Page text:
Also, Kanji meanings are quite complex, but mostly just follow vocabularies; so meanings are grouped just like vocabularies too.

When reading texts with more difficult vocabularies, Kanji readings (usually On) themselves can be quite useful.

An entry from JJ dictionary, so On reading choice does matter.

Sometimes On readings just don't exist.

image

Nonetheless, figuring out a good method and flow does have costs, that just following along with Wanikani might be better.

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I’d say to just follow WaniKani. You could make slight adjustments here and there to make your experience better, but ultimately with WaniKani you pay for the structure and SRS. Why worry about structure when you’re paying for it to be already done for you?
Also learning all that vocabulary and other readings / meanings at once is a lot of info to take in, especially when you get to a higher level where your workload is significantly higher.

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The number kanji are a bit of a weird special case, so they don’t make a very good example to use as a base of a plan for studying kanji in general:

  • each kanji has an obvious well defined “meaning” of its own
  • a lot of the early words you learn with them (number kanji plus 月、日、人 etc) have obvious meanings and a few annoying special case pronunciations
  • they come in a set where you want to be able to count through them
  • they’re super frequent

These things are generally not true of your average kanji.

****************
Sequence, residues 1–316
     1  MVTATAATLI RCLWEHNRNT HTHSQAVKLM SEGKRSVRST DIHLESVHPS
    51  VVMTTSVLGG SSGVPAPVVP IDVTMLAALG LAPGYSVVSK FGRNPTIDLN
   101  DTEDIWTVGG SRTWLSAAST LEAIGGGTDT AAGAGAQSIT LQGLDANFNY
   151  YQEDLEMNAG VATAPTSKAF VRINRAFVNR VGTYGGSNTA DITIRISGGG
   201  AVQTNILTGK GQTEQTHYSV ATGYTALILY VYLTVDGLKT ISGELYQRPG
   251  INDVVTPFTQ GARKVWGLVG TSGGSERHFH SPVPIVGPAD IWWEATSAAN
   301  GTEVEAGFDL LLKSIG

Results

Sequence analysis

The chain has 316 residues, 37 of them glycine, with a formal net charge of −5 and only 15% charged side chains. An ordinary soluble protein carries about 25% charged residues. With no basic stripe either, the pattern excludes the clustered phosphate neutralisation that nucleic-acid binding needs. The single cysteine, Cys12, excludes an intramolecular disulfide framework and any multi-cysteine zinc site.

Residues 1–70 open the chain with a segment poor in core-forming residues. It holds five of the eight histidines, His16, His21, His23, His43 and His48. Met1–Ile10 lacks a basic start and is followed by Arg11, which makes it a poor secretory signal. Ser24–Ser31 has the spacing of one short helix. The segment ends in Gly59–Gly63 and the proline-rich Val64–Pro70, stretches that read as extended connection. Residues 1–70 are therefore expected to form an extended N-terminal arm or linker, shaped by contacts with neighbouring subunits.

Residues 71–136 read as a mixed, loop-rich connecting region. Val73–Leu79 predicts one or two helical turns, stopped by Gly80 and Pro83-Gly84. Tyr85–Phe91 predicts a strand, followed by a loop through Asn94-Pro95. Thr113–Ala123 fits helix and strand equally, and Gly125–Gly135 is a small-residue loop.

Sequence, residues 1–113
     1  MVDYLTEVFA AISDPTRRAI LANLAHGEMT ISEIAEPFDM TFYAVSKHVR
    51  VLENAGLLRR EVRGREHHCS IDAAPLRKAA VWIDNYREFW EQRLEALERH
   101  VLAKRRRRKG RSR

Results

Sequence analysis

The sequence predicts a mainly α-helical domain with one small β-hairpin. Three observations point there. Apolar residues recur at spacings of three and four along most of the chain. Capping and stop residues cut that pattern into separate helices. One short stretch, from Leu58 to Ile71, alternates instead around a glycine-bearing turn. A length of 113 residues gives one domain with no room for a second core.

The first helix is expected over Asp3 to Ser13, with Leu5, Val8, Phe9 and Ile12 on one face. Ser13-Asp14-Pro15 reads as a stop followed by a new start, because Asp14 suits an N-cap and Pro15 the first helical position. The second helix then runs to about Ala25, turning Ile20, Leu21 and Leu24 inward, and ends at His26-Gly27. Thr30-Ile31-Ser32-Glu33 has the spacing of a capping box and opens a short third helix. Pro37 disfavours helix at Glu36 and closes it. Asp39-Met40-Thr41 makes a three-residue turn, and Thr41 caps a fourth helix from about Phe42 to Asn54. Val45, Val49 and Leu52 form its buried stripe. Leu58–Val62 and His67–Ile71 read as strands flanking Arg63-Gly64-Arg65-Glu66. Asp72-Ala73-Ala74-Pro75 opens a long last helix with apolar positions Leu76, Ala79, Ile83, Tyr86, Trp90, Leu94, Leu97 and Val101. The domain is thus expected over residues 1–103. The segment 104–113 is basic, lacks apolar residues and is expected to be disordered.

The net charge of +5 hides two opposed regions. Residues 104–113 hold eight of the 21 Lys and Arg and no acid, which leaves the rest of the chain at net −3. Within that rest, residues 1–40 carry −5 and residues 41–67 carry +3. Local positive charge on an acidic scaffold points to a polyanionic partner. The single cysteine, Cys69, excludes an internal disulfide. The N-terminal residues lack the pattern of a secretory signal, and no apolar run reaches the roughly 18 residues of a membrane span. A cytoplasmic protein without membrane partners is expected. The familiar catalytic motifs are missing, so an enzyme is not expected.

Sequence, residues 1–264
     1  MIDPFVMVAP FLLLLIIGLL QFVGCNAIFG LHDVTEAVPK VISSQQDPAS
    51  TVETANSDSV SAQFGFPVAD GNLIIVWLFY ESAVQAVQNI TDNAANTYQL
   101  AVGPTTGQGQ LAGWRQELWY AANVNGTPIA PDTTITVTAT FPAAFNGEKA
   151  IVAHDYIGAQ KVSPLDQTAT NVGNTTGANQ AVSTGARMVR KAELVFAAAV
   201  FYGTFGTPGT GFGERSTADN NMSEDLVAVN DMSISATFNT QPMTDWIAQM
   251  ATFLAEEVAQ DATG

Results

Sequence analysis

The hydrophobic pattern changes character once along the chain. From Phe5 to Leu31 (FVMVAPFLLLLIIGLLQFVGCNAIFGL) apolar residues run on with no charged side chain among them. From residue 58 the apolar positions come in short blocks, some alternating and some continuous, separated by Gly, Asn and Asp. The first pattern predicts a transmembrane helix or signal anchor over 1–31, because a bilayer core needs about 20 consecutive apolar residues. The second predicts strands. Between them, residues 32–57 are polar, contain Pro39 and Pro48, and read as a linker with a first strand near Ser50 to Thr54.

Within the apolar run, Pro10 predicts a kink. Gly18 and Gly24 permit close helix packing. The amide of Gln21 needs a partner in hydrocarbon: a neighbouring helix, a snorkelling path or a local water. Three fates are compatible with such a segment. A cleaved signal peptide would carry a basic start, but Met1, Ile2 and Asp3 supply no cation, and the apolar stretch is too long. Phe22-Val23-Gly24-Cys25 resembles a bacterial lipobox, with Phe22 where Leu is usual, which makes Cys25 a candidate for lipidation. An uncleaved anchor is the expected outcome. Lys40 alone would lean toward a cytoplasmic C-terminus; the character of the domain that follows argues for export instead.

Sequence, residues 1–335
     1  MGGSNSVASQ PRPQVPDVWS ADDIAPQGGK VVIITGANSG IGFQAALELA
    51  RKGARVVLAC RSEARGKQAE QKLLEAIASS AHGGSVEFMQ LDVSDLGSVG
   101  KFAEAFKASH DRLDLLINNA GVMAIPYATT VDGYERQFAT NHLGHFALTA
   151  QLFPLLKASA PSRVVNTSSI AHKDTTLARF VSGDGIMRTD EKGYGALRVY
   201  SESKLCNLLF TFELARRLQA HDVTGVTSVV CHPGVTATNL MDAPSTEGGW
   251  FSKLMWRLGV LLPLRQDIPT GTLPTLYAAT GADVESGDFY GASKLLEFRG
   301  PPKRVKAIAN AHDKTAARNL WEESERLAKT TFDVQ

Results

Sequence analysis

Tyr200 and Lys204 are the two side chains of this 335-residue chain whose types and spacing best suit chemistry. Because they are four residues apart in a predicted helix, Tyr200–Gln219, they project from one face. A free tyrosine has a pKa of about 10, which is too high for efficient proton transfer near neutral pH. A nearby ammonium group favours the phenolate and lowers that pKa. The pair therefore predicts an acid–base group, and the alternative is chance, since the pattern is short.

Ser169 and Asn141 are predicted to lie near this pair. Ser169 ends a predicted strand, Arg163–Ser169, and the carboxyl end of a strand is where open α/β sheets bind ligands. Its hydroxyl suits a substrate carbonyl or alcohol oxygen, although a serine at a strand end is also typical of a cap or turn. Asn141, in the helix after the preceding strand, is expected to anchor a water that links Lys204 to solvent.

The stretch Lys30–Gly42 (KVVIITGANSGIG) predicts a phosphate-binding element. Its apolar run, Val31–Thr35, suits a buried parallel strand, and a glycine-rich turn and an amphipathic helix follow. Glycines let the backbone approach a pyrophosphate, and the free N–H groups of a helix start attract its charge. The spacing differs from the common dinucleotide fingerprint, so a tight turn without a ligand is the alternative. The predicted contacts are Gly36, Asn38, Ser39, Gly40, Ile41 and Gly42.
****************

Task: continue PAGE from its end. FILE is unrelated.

If you want to I think you could just say “I’m going to just memorise the counting numbers the same way I’d have to do with French un, deux, trois…”, as a special case.

Early kanji are often unrepresentative in other ways too:

  • they’re usually fewer strokes, and less likely to be made up by combining several standard smaller pieces
  • they can have a lot of readings (e.g. 上 has 3 on readings and a ton of kun readings)
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Follow WK but ignore all radicals and mnemonics :sunglasses: (anti-mnemonics gang)

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My position has changed a bit on this and is likely to change again, but currently I think just memorizing 2-3 of the common On readings and the basic meaning of the kanji is enough.

Some kanji have a hefty pile of Kun readings, and you’ll have to just memorize 1-2 words for each of them. If you don’t see okurigana attached to the kanji, then you know it’s more likely than not an On reading. Spending more time and effort on kanji in isolation than that is going to quickly have diminishing returns.

IMO there’s not much reason to memorize a bunch of useless factoids about kanji. Radical mnemonics and memorizing readings are helpful for a lot of people but encountering vocabulary hundreds of times is probably more helpful. Worry less about readings and DO more actual reading.